Goldie’s comment came as Greens’ leader Adam Bandt repeated tragedy as farce by announcing he would live on the $246 allowance for one week, challenging Macklin to do the same. “Once you take into account your rent your bills, your food, there’s not much change left over from $35 a day,” he told reporters in Melbourne, but didn’t elaborate how much of his modern lifestyle and well-tailored suits would be pushed to one side to make ends meet in that week.

Bandt’s stunt had little to do with the Newstart Allowance and everything to do with his struggle to retain Melbourne at the next election. But the affair highlights issues with the low benefit rate when there are systemic problems of under-employment. While the current rate of unemployment is low at 5.2 per cent by historic and international standards there is a high degree of volatility within this rate. In March 2012 the unemployment rate in Tasmania was 7.0 per cent, nearly twice the 3.7 per cent rate in the Northern Territory.  In March 2012 the unemployment rate for those aged 15-19 is 18 per cent, more than three times the national average.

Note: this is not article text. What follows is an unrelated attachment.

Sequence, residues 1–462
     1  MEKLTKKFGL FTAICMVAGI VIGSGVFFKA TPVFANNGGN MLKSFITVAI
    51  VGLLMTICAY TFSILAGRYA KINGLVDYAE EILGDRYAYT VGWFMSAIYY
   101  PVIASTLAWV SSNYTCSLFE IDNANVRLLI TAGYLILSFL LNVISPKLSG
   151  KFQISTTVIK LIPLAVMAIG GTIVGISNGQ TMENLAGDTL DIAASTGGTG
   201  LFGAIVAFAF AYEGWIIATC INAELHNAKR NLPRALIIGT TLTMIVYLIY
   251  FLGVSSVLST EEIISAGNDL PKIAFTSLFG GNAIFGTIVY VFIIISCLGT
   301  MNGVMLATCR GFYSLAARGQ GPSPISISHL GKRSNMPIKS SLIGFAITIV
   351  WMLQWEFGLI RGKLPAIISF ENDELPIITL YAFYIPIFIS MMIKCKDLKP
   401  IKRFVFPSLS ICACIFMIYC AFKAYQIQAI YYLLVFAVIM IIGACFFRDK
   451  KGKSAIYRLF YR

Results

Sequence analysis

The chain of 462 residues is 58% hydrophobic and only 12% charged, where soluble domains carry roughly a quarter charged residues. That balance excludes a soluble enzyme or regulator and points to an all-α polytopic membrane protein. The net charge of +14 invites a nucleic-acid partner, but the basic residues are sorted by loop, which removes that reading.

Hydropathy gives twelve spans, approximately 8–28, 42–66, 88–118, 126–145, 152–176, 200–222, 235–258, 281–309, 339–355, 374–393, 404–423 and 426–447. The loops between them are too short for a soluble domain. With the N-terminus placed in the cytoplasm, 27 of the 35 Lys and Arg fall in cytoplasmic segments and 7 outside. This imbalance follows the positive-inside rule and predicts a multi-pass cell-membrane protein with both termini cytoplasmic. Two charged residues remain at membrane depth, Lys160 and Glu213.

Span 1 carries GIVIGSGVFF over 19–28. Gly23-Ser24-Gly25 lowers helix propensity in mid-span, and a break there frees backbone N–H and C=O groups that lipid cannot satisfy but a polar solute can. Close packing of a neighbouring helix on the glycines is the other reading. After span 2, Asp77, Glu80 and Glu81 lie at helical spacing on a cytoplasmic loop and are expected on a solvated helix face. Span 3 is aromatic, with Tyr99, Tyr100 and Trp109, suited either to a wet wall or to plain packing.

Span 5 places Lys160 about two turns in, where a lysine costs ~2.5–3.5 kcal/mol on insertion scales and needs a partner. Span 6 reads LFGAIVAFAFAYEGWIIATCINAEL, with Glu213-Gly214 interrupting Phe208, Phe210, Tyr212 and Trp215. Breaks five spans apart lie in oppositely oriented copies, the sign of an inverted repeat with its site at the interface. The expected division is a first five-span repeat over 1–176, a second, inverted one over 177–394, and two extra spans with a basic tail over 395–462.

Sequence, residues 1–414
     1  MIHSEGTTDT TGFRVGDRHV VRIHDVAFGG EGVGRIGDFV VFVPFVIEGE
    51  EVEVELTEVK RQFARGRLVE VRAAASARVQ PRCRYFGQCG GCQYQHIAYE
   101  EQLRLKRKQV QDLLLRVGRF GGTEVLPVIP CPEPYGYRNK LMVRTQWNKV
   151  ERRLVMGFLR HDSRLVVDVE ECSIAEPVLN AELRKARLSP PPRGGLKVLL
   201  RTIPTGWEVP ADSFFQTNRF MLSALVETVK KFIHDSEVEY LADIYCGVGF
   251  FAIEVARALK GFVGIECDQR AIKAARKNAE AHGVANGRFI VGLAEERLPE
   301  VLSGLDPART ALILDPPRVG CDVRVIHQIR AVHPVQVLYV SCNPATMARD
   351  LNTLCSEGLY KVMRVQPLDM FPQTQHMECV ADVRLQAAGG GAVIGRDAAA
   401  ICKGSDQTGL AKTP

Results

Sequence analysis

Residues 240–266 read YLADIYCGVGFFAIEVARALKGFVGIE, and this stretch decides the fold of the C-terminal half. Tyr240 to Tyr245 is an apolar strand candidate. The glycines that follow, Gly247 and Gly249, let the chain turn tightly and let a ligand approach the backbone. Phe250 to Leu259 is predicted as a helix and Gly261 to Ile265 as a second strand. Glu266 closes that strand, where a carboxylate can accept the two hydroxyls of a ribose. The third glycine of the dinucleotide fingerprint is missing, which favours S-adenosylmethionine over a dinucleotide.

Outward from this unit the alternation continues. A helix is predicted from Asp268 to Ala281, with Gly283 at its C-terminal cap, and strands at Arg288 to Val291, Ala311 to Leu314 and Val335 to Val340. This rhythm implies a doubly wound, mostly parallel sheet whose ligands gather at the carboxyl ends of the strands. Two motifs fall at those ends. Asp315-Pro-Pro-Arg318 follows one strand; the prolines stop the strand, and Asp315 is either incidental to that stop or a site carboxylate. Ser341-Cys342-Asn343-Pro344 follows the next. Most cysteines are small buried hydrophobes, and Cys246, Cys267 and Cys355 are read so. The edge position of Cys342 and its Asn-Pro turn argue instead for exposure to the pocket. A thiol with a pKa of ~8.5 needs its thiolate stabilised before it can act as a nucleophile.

There are “dole cheats” but the dole queue remains a humiliating experience for most people. Economist John Quiggan said that instead of completing the Howard agenda, the Gillard government ought to be looking at increasing the real value of benefits, “allowing the unemployed to share in some of the growth in incomes for the community as a whole”. Even thinking about the absurdity of living on $246 a week, reminds us many people have to do exactly that and some parents of those aged eight and over will now pay the price for the Government’s budget balance obsession.